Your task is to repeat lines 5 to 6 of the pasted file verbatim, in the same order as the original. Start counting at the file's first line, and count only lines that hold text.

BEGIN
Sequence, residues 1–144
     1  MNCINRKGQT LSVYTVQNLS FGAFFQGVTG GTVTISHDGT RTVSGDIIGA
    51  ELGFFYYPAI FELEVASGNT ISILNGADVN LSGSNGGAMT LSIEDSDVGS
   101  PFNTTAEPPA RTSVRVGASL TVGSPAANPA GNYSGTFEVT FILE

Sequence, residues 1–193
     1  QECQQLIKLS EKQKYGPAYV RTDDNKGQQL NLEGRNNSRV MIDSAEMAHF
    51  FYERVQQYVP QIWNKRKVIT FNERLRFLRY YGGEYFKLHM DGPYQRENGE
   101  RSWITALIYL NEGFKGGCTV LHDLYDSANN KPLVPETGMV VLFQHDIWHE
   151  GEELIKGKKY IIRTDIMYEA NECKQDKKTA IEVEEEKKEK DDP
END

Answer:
Sequence, residues 1–193
     1  QECQQLIKLS EKQKYGPAYV RTDDNKGQQL NLEGRNNSRV MIDSAEMAHF